I’m going to fangirl just a little bit – my apologies. I will try not to break into incoherent squealing as I type. Unhappily, this does not translate well to the written word.
What is the occasion for this fangirling, you ask? Well, I’m revisiting a young adult favourite today – On the Jellicoe Road by Melina Marchetta.
I mentioned this book in one of my very first posts. I’ve just found out that it’s finding its way on to the silver screen – something I’ve always imagined and that I’m incredibly excited about. So bearing all this in mind, I felt it deserved more than the little blurb I gave it in my best of young adult list.
If you’ve ever been an Australian teenaged girl, there’s a good chance you’ve heard of Melina Marchetta. If you didn’t have Looking for Alibrandi thrust into your hands by a high school librarian (a good move on her part, by the way), you should know that Marchetta was writing brilliant young adult fiction before the genre was flooded with various Twilight-adjacent things. Not that I have anything against Twilight-adjacent things. Read what you want.
As I just mentioned, Marchetta is most famous for Looking for Alibrandi, which became a critically acclaimed film in 2000 and has been cherished by Australian readers for 20 years. On the Jellicoe Road was published later, in 2005. It’s a difficult book to explain but we’ll see how I go.
The protagonist is 17-year-old Taylor Markham. She has lived at a rural boarding school since her mother abandoned her on the Jellicoe Road. As the school captain, it’s her responsibility to coordinate the Jellicoe boarders in the annual territory wars between the Townies (the high school in Jellicoe proper) and the Cadets (visiting boys from a Sydney private school). In the meantime, she has to deal with the mysterious disappearance of her mentor and a very complicated relationship with the leader of the Cadets, Jonah Griggs. There’s also her uncanny resemblance to a boy who vanished from Jellicoe years ago and seems to be turning up in her dreams.
This book is so multi-layered; it’s almost impossible to do it justice. You’re going to have to trust me when I say it’s beautiful, clever, imaginative, hopeful and completely heart-breaking. However, I will admit it can be a difficult read. Seriously difficult in fact. There are two voices telling the story. One is Taylor. The other is unidentified.
This is how it works: Taylor discovers pages from a manuscript telling the story of a group of teenagers in Jellicoe in the 1980s. Throughout the novel, we read pages of the manuscript interspersed throughout Taylor’s narrative. Basically, you get little pieces of the puzzle as you read. You won’t understand the significance of all the pieces and the way they fit together until later, but if you stick with this book you will be rewarded. Every little scene and every detail has some significance. I’ve read it again and again and I love it more every time – it’s one of those books where you discover little things you’ve missed on the second, third or even fourth read. It absolutely stayed with me after I closed the pages.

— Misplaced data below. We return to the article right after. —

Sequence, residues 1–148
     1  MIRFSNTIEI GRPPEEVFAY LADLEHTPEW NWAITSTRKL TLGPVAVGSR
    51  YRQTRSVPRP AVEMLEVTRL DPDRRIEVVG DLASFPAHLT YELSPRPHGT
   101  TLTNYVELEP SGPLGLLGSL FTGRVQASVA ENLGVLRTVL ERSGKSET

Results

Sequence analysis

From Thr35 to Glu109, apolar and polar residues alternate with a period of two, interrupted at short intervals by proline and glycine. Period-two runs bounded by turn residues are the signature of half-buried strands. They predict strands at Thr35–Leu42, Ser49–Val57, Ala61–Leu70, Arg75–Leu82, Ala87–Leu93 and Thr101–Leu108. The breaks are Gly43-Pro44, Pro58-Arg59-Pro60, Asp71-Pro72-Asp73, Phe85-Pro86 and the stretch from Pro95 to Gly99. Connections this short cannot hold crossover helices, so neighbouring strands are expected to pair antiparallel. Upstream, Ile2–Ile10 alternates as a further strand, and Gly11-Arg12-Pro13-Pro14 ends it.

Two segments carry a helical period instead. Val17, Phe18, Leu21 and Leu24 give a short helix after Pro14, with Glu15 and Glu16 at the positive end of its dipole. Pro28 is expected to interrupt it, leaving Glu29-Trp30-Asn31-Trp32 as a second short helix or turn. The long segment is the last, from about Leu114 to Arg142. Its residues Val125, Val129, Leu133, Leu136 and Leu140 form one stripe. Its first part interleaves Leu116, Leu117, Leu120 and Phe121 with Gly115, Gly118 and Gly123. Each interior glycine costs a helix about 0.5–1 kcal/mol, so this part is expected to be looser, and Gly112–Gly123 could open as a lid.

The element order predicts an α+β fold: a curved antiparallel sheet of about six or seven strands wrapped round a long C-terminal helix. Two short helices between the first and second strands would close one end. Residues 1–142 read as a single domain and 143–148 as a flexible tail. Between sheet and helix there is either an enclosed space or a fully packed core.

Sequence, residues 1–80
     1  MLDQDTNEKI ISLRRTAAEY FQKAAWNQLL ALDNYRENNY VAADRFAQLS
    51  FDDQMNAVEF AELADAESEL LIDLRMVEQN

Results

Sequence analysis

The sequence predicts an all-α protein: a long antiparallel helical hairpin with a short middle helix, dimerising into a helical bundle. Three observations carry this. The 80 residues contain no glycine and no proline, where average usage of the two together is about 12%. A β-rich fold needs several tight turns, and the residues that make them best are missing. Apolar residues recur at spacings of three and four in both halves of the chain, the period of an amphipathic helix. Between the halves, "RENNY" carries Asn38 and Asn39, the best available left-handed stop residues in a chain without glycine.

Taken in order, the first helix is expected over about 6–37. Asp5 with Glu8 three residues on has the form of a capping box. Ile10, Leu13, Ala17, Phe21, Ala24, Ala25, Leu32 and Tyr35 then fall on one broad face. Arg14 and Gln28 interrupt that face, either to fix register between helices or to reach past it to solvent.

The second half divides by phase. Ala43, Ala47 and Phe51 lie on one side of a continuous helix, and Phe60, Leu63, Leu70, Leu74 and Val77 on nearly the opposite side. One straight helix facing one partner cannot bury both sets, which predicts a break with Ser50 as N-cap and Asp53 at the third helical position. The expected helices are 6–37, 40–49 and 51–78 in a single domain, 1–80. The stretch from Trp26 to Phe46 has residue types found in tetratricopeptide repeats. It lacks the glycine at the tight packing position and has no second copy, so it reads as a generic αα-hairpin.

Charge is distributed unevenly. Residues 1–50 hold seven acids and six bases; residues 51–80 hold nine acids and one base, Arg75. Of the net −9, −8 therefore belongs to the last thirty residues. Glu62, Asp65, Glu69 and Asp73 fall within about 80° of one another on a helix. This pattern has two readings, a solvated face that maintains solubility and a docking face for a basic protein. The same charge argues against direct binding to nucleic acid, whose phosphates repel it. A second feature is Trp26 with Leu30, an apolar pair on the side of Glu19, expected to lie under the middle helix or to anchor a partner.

So, there are some other reasons why you should read On the Jellicoe Road. In the interest of brevity, I’ve made a list.
1. The setting and the game.
Jellicoe School is set in sprawling Aussie bushland. There’s something pretty special about this setting. It’s got heat and the dust and a million different plants with razor sharp leaves. But it’s undeniably wild and beautiful. For me, it’s also familiar. I don’t read lots of Australian fiction, so it’s nice to be able to visualise the story in detail from my own experience.
All this sets the scene for the territory wars. The arrival of the Cadets each year marks the start of a intricate war game, where each of the three schools fight for control of the best routes though the bush and the best hang-out spots. The war is incredibly serious business. It’s also every kids dream.
2. The characters
Taylor’s not your typical 17-year-old girl. She’s independent, unpredictable and fairly unfriendly. In other words, she’s not the young adult heroine you’re used to. This goes for most of the characters in Jellicoe. They’re not clichés – they’re people you might know.
I think that’s why the story affected me. Marchetta will get you attached and then run over your emotions with a semi-trailer. Consider yourself warned.
3. The love story
If reading young adult love stories makes you want to whack your head against a wall, rest assured – this one’s difference. It’s simple and realistic, sans soppy declarations of undying love and rippling abs. Just people who are willing to carry the ones they love through terrible situations.
Anyway, just in case you missed the last 800 words – I love this book. I would really encourage you to give it a go if you’re up for something challenging and beautiful.
“It’s funny how you can forget everything except people loving you. Maybe that’s why humans find it so hard getting over love affairs. It’s not the pain they’re getting over, it’s the love.”